These and other features and advantages of the invention will be apparent to those skilled in the art from the following detailed description, taken together with the accompanying drawings, in which:

DESCRIPTION OF THE DRAWINGS

FIG. 1 is a sectional view of a lens blank held in a spindle for formation of a a posterior lens surface by a prior technique;

FIG. 2 is a sectional view of a later stage in the prior method, illustrating the formation of an outer lens surface;

FIGS. 3 and 4 respectively illustrate lens "run-out" and "wobble";

FIG. 5 is a fragmentary sectional plan view illustrating the formation of a posterior lens surface and reference surface in accordance with the present invention;

FIG. 6 is a sectional view of a lens blank after the posterior and reference surfaces have been formed;

FIGS. 7 and 8 are fragmentary plan views of an alternate technique for fabricating the posterior and reference surfaces;

FIG. 9 is a fragmentary sectional plan view illustrating the formation of the outer lens surface in accordance with the invention; and

FIG. 10 is an enlarged fragmentary sectional view showing a completed contact lens prior to removal from the blocking member used in the invention.

DETAILED DESCRIPTION OF THE INVENTION

The present invention calls for forming a reference surface in the lens blank at the same time the posterior (sagittal) surface is formed, and using the reference surface to automatically align the lens blank with the blocking member and spindle for creation of the outer lens curve. To accomplish this the position of the reference surface is accurately fixed with respect to the posterior surface, and the spindle/blocking mechanism is modified so that the position of the blocking member relative to the spindle is accurately known. This combination results in an automatic alignment of the lens blank and spindle prior to the formation of the outer lens curve, eliminating the need to measure the lens blank after the posterior surface has been formed, and without having to enter additional data regarding the position and thickness of the lens blank into the computer control for the lathe system. The automatic alignment capability at the same time substantially eliminates discrepancies in both prism and wobble, setting these factors either at zero or at a desired finite value.

The invention will be described in detail in connection with a contact lens having a concave base curve for its posterior surface, although it is equally applicable to intra-ocular lenses having concave, flat or convex posterior surfaces. The base curve and reference surface can be generated with a conventional computer-controlled lathe system. FIG. 5 illustrates the operative portions of such a system which come in contact with a lens blank 26. They include a spindle 4, a collet 6, and a diamond-tipped cutting tool 28 that cuts into the lens blank as it is rotated on the spindle. The spindle is capable of movement along a horizontal axis as shown in FIG. 5, while cutting tool 28 is mounted on a slide 30 that moves along a vertical axis (in the plane of the page) as shown in the plan view. The base curve 32 is formed by moving the spindle horizontally against the cutting tool as the lens blank is rotated, and translating the cutting tool along the vertical axis indicated in the drawing. The computer control coordinates the movement of these two elements to form the desired curved lens surface.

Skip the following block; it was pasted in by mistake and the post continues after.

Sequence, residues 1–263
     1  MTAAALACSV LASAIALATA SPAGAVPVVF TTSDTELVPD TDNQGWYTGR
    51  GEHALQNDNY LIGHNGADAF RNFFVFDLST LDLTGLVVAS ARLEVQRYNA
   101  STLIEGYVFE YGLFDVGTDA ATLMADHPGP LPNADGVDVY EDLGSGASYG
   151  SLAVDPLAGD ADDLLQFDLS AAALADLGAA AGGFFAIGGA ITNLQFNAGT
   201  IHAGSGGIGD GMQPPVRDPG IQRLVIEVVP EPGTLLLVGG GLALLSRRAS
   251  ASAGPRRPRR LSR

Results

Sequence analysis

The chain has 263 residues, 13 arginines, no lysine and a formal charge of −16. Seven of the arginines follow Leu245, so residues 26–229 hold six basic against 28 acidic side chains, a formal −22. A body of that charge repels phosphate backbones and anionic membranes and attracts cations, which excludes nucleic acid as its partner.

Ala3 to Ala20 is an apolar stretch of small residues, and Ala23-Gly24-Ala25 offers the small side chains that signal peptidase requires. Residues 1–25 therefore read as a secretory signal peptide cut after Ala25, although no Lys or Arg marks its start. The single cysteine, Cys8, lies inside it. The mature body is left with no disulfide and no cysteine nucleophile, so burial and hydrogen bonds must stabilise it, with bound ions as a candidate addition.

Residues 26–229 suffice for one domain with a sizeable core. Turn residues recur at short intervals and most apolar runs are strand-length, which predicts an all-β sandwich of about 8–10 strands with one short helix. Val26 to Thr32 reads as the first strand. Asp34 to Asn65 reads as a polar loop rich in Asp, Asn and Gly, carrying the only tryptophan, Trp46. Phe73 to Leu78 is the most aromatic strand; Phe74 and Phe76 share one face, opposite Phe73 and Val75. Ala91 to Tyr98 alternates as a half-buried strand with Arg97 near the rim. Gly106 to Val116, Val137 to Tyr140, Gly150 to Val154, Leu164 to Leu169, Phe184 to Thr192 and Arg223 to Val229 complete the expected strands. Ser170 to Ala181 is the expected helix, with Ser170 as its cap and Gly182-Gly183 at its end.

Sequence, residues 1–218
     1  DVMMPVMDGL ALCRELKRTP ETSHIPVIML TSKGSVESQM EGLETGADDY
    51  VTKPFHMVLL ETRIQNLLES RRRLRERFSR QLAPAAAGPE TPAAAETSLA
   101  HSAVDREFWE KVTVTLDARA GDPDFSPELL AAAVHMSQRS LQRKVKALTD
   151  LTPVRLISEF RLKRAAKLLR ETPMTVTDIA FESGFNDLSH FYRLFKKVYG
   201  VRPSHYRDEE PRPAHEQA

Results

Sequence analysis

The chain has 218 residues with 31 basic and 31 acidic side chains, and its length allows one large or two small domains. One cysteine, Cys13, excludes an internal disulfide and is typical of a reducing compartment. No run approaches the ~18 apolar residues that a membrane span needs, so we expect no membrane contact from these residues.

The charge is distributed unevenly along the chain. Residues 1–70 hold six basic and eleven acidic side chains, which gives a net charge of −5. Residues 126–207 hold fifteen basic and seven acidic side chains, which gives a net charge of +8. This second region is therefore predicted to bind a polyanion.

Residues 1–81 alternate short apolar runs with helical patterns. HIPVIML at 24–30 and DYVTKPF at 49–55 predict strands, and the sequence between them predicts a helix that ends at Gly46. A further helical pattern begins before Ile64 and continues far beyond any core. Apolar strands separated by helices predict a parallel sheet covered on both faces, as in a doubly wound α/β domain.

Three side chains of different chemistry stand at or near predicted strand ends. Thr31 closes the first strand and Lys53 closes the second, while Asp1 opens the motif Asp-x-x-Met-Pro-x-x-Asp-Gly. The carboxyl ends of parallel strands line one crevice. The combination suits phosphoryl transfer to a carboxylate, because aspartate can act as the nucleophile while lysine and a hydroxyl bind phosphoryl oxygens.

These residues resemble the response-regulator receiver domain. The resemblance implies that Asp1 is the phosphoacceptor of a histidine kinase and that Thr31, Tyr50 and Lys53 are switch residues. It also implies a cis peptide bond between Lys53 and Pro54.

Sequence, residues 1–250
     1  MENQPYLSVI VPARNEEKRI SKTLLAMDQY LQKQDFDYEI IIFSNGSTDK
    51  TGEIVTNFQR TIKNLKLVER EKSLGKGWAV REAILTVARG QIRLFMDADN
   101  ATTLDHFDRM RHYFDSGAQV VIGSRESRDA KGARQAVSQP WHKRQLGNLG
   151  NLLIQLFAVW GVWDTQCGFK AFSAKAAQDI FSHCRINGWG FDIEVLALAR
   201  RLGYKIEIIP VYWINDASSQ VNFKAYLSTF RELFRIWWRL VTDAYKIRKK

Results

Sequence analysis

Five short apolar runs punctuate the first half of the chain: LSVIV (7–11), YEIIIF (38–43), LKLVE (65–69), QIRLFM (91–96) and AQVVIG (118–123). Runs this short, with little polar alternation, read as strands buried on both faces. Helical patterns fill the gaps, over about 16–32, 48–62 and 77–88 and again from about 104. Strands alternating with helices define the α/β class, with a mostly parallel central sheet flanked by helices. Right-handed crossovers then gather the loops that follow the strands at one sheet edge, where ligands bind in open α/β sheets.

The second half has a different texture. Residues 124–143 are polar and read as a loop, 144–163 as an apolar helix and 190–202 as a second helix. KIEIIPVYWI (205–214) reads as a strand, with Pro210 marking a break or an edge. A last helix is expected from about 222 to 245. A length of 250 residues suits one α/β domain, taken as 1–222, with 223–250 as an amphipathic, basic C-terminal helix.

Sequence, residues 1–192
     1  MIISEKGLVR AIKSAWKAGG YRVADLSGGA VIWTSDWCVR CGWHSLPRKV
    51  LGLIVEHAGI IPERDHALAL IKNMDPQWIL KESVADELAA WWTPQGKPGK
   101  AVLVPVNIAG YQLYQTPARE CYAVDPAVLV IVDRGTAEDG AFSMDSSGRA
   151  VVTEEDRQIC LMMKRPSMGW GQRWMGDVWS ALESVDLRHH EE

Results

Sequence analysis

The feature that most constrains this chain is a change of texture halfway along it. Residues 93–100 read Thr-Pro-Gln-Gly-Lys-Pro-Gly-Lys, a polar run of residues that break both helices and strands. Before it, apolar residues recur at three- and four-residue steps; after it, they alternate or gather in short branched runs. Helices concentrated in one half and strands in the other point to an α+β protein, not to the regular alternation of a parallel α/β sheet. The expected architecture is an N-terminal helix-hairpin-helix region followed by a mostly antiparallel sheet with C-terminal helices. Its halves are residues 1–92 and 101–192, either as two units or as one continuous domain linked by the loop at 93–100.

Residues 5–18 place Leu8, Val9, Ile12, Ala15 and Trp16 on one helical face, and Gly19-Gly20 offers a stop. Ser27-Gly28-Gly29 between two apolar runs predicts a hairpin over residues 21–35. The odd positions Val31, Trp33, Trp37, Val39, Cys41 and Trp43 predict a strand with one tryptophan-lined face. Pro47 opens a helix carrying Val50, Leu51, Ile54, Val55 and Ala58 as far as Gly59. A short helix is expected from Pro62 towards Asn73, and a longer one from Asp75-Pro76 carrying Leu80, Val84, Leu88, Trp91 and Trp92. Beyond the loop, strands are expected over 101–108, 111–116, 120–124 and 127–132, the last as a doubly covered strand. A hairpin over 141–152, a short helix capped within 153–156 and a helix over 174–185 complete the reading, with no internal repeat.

Up to this point the formation of the lens is conventional. However, during this step an additional cut is made into the lens blank to form a reference surface that is used to precisely align the lens blank during the next stage of manufacture, when the outer lens curve is formed. The cutting tool 28 is first held stationary adjacent the edge of the base curve 32, and the spindle 4 is moved to the right as the lens blank is rotated about its axis to form a cylindrical surface 34 in the lens blank peripherally around the base curve 32. The cylindrical surface 34 could also be spaced radially outward beyond the outer limits of the base curve 32, but such a spacing is not necessary. Once the cylindrical surface 32 has been cut, translation of the spindle along its horizontal axis stops and the spindle is held in a fixed position while it continues to rotate. At this time the cutting tool 28 is moved radially outward from the center of the lens blank, forming a ledge 36 in the lens blank that is orthogonal to the cylindrical surface 34. The ledge 36 and cylindrical surface 34 function as reference surfaces which automatically align the lens blank for formation of the outer lens curve during the next stage of manufacture. Although the base curve 32 is illustrated as extending deeper into the lens blank at its center than the ledge 36, the ledge could alternately be made deeper or the same depth as the base curve.

Since the base curve 32 and reference surfaces 34, 36 are formed during the same manufacturing stage, under a common computer control, and without adjusting the position of lens blank 26, the relative positions of these surfaces can be very accurately controlled. The two dimensional factors that are used to automatically align the lens blank during subsequent formation of the outer lens curve are the spacing X between the maximum depth of the base curve 32 (indicated in enlarged FIG. 6), and the diameter of cylindrical surface 34.